‘Driving Home for Christmas’ is my favourite holiday song. I just love the idea of travelling on the holidays, leaving work early, and making it through snowy nights lit only by Christmas lights, to reach a cosy home. Perhaps it’s this romantic view of festive travel that makes me a keen airport decorations spotter and connoisseur.
This is not a view shared by many of my friends who can’t stand the Christmas crush and the queues, entertaining the kids through the airport, negotiating last minute shopping guilt, and dealing with staff who, let’s face it, would rather be snuggled up with mulled wine by the fire like everyone else – but I love a good romp through the airport Christmas lights and streamers, fake snow and Santa’s grottos, on my way to visit family or friends at Christmas.
As an international student and obsessive traveller, I’ve been through my fair share of airports on the holidays. Apparently it’s not something people usually notice, but for me it’s a travel highlight to compare the different displays and attractions at international airports. Flying just feels that much more exciting when it’s festive flying!
Although I won’t be flying through there this year, Changi Airport in Singapore never fails to disappoint, and this year’s display is by all accounts right up to standard. A Christmas Angry Birds display, featuring a gigantic Angry Bird spaceship, which launches – complete with rocket effects and smoke – is the centrepiece of this year’s Christmas decorations. The beauty of Changi’s Christmas lights and shows is that they never forget to aim at impressing the kids. Trampolines, grottos, space cafes, mini musicals and toy giveaways, guarantee happy little elves on their way to fly and remind the adults that the holidays are a time for family, even before you’ve flown home.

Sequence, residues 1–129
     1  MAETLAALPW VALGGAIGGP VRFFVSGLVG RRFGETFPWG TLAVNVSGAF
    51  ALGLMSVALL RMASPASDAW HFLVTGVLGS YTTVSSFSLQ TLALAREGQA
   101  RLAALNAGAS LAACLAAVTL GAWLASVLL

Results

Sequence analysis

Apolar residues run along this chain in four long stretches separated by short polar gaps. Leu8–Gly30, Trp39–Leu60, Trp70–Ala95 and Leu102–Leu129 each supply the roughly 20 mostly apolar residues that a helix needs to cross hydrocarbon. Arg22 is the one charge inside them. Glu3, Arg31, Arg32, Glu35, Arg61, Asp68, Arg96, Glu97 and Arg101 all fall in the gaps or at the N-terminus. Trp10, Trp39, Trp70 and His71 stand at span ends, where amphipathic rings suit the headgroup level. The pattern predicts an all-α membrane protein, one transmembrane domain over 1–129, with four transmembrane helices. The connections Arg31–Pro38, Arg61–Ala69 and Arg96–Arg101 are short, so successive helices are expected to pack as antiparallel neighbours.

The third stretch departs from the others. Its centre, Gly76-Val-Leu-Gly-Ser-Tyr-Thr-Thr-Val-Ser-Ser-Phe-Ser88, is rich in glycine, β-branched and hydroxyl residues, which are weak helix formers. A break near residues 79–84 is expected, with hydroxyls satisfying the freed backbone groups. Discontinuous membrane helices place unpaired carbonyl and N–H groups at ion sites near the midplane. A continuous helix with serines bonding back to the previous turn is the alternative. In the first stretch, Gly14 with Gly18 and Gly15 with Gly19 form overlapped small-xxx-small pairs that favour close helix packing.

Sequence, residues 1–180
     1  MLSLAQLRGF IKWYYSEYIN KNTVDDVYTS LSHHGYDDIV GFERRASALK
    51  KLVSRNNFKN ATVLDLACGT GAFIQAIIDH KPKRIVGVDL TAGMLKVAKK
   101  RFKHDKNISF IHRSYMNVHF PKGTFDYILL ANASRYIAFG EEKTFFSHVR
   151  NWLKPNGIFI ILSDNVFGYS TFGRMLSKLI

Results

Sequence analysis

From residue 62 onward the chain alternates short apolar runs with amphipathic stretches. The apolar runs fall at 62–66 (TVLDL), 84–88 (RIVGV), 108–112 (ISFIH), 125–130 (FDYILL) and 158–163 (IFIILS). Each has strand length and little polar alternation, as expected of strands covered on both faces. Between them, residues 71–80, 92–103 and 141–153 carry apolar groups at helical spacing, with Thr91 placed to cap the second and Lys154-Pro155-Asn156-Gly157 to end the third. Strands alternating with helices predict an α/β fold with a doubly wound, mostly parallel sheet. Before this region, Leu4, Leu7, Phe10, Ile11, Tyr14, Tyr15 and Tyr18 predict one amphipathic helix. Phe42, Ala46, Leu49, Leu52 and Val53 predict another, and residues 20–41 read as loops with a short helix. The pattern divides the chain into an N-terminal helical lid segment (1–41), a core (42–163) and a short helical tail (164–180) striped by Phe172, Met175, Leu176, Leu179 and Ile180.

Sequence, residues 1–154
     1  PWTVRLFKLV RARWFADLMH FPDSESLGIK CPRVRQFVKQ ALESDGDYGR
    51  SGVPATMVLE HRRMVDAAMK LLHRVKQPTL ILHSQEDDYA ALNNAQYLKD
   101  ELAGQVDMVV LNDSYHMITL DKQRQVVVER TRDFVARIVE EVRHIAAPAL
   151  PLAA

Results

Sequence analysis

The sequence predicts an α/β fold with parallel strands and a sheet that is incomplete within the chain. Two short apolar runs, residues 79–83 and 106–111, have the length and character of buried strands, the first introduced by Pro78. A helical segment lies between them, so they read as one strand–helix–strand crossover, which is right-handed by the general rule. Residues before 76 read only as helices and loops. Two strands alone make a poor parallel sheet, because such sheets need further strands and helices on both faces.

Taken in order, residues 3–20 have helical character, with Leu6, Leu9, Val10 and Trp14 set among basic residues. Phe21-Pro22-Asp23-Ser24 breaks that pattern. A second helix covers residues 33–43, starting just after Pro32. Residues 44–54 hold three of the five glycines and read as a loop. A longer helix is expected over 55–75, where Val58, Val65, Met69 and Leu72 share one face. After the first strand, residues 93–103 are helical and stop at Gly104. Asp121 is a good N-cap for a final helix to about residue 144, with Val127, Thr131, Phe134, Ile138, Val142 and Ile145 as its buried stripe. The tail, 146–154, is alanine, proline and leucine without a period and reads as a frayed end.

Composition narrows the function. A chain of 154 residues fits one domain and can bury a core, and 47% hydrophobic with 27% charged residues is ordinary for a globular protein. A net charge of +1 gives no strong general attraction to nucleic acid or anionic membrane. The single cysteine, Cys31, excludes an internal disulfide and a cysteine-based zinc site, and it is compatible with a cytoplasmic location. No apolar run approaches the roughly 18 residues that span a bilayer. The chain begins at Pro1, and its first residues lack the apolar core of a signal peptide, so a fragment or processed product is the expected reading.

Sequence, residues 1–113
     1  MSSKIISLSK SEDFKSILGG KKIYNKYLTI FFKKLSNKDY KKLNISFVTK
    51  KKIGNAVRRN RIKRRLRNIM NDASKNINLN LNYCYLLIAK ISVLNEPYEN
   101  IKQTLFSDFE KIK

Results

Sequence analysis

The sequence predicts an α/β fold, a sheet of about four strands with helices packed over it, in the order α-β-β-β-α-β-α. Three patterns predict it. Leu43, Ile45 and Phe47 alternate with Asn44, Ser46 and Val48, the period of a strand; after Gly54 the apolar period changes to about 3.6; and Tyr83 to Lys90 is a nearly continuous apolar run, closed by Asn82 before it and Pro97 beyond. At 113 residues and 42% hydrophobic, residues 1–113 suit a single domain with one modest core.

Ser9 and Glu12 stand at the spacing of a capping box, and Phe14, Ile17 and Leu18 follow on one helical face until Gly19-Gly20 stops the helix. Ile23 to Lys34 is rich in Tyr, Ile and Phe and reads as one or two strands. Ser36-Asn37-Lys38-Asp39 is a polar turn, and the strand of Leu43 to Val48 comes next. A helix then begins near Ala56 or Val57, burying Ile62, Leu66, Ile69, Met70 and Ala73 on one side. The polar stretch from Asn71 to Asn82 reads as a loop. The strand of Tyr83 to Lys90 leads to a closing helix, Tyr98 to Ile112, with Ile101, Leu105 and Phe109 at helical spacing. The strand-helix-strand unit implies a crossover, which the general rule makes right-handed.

Ninoy Aquino in the Philippines and Zurich, Switzerland are perhaps on the other end of the spectrum, with understated winter wonderland elegance at the heart of the displays. Of course, the main advantage of airports for festive decorations lovers everywhere is the vast space and high ceilings available to designers. This means that sophisticated displays are set off perfectly by towering Christmas trees, dressed in swish gold and red and silver.
Alternatively, airport teams take risks on more fun and child-focused trees. So at Terminal Five of Heathrow Airport, London, UK, a team spent 376 hours creating a gingerbread tree. Taking the Swedish-inspired tradition of constructing Christmas houses made of gingerbread and sweets, which children bake and build every year in the holidays, the design brings kids back to the centre of Christmas decorations, which creates a magical atmosphere and keeps some difficult of the airport’s most tricky to please customers happy!
Whether it’s Beirut or Boston, airports that enter into the festive spirit, really set off the holiday mood and make travelling home for Christmas an experience to look forward to as winter draws in. And that’s a bonus for everyone flying on the holidays – not just obsessive decorations fans like me.